The Resurrection of the Pharaohs
The belief of ancient Egyptians in the afterlife was extremely strong. Much of their religion and funerary practices were devoted to the entry into afterlife, as evidenced by the extensive pyramid texts discovered. Entire walls were covered top to bottom with invocations and spells, all aimed at the dead king. When translated, these texts were compiled into entire books, as there were so many of them, and they were so voluminous. The translations show the great level of “penmanship” that the ancient Egyptians possessed, and show us how far ahead of their time they were. One spell from the pyramid of King Teti I instructs the dead king to rise from his grave:
“Oho! Oho! Rise up, O Teti!
Take your head, collect your bones,
Gather your limbs, shake the earth from your flesh!
Take your bread that rots not, your beer that sours not,
Stand at the gates that bar the common people!
The gatekeeper comes out to you, he grasps your hand,
Takes you into heaven, to your father Geb.
He rejoices at your coming, gives you his hands,
Kisses you, caresses you,
Sets you before the spirits, the imperishable stars...
The hidden ones worship you,
The great ones surround you,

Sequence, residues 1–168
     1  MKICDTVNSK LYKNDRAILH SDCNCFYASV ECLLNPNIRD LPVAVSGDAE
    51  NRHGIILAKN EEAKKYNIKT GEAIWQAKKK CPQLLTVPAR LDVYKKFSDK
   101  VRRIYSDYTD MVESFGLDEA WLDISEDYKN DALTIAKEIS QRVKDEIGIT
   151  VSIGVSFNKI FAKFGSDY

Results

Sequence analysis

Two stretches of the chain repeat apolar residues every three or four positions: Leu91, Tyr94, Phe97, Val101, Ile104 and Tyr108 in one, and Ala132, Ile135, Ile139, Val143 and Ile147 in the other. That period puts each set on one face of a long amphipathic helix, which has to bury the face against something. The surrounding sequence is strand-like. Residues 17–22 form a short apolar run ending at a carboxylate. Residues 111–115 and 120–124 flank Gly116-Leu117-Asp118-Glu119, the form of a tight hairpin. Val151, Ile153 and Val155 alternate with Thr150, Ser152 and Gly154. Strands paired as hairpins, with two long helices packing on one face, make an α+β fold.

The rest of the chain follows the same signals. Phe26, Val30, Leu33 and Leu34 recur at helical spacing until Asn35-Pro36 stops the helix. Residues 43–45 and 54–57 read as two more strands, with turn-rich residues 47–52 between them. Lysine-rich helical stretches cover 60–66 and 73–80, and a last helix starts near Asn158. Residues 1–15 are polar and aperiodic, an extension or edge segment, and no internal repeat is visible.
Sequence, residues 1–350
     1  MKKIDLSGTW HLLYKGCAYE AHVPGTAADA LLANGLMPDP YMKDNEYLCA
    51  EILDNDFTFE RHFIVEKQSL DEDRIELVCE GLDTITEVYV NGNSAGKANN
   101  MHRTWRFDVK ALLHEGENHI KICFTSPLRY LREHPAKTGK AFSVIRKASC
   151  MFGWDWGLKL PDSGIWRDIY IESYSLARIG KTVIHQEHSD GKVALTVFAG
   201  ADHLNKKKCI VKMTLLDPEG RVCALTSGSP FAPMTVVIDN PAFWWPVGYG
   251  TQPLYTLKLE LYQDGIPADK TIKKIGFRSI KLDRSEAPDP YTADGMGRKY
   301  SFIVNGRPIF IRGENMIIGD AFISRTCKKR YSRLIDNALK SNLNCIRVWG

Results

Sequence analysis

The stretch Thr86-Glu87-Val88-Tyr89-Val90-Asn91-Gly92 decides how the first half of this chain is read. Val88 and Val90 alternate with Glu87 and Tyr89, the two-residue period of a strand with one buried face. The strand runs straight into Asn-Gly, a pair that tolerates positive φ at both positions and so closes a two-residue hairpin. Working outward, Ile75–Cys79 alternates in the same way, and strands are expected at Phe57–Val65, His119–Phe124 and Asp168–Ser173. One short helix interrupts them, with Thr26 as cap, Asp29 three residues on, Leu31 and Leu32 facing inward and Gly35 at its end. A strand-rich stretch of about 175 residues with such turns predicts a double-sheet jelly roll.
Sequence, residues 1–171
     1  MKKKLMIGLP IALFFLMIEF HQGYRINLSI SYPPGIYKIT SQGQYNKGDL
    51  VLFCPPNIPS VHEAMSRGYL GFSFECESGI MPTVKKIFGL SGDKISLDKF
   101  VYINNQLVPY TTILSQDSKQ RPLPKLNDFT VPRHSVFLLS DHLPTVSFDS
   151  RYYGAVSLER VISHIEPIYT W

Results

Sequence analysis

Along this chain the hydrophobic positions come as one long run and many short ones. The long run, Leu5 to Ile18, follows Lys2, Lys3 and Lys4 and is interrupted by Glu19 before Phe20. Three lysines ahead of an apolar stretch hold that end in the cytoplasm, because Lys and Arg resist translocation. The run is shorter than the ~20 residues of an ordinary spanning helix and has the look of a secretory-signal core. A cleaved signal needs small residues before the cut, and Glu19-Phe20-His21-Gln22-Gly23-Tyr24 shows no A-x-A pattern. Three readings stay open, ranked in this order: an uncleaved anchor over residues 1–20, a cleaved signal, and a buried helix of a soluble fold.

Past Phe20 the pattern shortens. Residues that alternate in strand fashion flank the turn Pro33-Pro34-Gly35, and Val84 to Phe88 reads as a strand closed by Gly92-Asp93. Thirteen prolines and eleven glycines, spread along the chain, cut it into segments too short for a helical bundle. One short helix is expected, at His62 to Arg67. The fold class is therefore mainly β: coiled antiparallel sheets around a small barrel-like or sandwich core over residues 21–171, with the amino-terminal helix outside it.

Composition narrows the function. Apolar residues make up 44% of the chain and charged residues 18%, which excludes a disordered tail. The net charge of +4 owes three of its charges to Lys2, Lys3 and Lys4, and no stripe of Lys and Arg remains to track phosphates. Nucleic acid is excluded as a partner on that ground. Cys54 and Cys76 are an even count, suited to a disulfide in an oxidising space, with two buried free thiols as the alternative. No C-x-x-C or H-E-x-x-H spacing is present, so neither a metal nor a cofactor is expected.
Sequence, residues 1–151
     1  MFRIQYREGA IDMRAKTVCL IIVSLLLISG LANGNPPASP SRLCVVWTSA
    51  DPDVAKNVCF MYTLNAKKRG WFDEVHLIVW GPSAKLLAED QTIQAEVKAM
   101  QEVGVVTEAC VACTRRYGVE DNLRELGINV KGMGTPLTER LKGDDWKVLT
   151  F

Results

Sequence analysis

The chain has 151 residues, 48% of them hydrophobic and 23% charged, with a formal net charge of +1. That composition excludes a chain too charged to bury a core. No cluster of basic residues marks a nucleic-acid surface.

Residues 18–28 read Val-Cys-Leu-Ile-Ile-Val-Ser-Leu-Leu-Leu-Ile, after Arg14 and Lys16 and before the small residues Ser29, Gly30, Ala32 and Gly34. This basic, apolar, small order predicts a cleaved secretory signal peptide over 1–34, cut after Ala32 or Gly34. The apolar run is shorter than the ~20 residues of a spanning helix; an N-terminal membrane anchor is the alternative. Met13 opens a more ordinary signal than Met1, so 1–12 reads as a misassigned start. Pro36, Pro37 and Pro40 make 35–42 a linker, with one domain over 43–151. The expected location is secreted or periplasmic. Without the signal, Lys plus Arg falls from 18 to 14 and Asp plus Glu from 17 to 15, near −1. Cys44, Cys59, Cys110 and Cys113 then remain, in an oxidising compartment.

The watchers wait on you,
Barley is threshed for you,
Emmer is reaped for you,
Your monthly feasts are made with it,
Your half-month feasts are made with it,
As ordered done for you by Geb, your father,
Rise up, O Teti, you shall not die!”
This is a clear insight in their belief, and the eventual purpose of the pyramid tombs. The final resting place of the king was filled with actual foodstuffs and items, which the Egyptians believed would not spoil, and would be used by the pharaoh as sustenance during the journey to the afterlife. What is more, we can clearly see the level of adoration that the people had for a pharaoh, believing him to be akin to a god himself. The text from the Pyramid of Unas places the king almost as equal with the gods:
You have not gone away dead: you have gone away alive.
Sit on Osiris's chair, with your baton in your arm, and govern the living;
with your water lily scepter in your arm, and govern those of the inaccessible places.
Your lower arms are of Atum, your upper arms of Atum,
your belly of Atum, your back of Atum, your rear of Atum,
your legs of Atum, your face of Anubis.
Horus's mounds shall serve you; Seth's mounds shall serve you.”
In the three scenes from the Book of the Dead, the dead man (Hunefer) is taken into the judgment hall by the jackal-headed Anubis. The next scene is the weighing of his heart, with Ammut awaiting the result and Thoth recording. Papyrus from 1275 BC (Public Domain)
The Complexity of Ancient Egyptian Funerary Belief